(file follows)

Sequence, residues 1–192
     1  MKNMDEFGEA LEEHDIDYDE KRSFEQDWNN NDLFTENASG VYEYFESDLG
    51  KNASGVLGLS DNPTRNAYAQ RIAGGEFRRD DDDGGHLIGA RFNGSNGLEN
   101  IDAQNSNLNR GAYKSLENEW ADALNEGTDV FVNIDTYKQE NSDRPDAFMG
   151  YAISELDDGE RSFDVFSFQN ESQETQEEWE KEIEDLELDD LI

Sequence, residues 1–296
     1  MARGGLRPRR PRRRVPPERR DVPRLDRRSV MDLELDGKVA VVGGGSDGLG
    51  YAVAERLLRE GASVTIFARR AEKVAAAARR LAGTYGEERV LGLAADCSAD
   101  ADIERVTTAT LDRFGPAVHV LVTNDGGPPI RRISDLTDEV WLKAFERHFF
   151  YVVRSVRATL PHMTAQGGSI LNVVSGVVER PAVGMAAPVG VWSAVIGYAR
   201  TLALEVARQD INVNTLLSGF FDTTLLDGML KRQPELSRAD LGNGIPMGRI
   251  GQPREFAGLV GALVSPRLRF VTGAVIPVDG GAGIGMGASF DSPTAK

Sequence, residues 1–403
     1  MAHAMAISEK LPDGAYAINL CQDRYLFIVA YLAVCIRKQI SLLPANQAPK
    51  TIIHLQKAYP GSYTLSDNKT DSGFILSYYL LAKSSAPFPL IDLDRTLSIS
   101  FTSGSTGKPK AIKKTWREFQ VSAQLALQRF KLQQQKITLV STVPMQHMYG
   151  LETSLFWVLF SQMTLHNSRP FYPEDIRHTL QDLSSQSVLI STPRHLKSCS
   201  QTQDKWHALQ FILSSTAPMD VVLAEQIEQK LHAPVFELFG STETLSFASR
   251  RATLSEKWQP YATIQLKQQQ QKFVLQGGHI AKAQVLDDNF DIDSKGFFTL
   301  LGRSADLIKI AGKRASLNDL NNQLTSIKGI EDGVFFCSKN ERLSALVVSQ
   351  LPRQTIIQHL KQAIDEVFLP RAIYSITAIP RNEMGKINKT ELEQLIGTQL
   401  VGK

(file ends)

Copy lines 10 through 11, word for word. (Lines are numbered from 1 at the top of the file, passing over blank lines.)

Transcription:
   151  YVVRSVRATL PHMTAQGGSI LNVVSGVVER PAVGMAAPVG VWSAVIGYAR
   201  TLALEVARQD INVNTLLSGF FDTTLLDGML KRQPELSRAD LGNGIPMGRI